- Place outcome variable on vertical axis
- If adding a regression line, assign an outcome variable
- Plot time on the horizontal axis
- Time runs left to right
- If time intervals are uneven, tick marks should be uneven in the same way
- Limit the total number of colours
- Colour difference should reflect data difference
- Use certain colour pairs with care
- Make charts friendly to colour-blind readers
Conventions on guides
- Use canonical directions (ie. larger values to the right of smaller values)
- Time goes on the horizontal axis
- Place an outcome variable on the vertical axis
- Choose limits to remove excessive white space
- Tick marks should fall on easily interpretable increments and values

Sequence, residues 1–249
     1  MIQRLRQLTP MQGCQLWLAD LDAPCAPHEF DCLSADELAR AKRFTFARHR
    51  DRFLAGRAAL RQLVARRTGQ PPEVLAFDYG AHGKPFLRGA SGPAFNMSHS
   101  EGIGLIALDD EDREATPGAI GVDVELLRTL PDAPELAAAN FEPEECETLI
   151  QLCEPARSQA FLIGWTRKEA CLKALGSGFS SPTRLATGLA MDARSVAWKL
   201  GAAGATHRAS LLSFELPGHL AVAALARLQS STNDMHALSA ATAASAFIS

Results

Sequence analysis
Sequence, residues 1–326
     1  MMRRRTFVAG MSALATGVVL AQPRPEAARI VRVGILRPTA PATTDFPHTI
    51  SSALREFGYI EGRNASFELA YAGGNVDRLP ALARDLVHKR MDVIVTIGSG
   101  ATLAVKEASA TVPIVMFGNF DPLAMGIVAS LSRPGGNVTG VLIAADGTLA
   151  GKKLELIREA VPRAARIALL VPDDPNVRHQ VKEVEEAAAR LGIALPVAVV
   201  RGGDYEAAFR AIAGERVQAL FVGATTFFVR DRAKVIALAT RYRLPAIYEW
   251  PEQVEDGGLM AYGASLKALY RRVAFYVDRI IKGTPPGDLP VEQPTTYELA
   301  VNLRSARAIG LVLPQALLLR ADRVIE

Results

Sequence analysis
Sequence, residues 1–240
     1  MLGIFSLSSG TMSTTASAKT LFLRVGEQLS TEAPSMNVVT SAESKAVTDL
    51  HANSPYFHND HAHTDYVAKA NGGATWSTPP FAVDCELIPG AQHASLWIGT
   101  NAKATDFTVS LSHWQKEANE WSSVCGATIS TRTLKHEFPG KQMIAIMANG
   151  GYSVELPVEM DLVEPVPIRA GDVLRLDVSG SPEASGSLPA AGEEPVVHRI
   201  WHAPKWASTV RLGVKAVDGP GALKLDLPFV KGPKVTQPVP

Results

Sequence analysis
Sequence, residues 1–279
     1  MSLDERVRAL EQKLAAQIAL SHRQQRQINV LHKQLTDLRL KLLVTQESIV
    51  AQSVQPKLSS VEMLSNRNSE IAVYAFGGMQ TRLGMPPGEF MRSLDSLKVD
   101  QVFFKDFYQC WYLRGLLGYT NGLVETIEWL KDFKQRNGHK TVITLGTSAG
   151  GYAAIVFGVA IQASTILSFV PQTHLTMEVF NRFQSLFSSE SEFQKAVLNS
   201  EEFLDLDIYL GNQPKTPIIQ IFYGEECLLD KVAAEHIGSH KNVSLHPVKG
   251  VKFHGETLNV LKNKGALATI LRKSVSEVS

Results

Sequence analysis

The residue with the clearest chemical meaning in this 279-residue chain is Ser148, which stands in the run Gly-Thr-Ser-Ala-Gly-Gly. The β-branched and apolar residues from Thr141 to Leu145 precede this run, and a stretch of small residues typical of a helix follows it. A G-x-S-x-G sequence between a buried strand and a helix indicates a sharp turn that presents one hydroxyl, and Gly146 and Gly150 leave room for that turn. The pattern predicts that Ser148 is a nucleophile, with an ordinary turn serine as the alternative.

- Use direct labels if feasible
- Colours in the legend should correspond one-to-one to the colours on the chart
- Colours in the legend should be presented in the same order as they appear on the chart
- Place legend on top below the title 5.Embed legend into chart titles or subtitles
- Place values in the natural order when it is available
- Avoid the default alphabetical order unless it is justified by the context
- Retain the same order across all plots in a panel of charts
- Use informative chart titles
- Explain all acronyms and jargon
- Include the source of data in a footer
- Label only key items, not all items
The unspoken rules of visualisation - (and when to break them)22 min Click to comment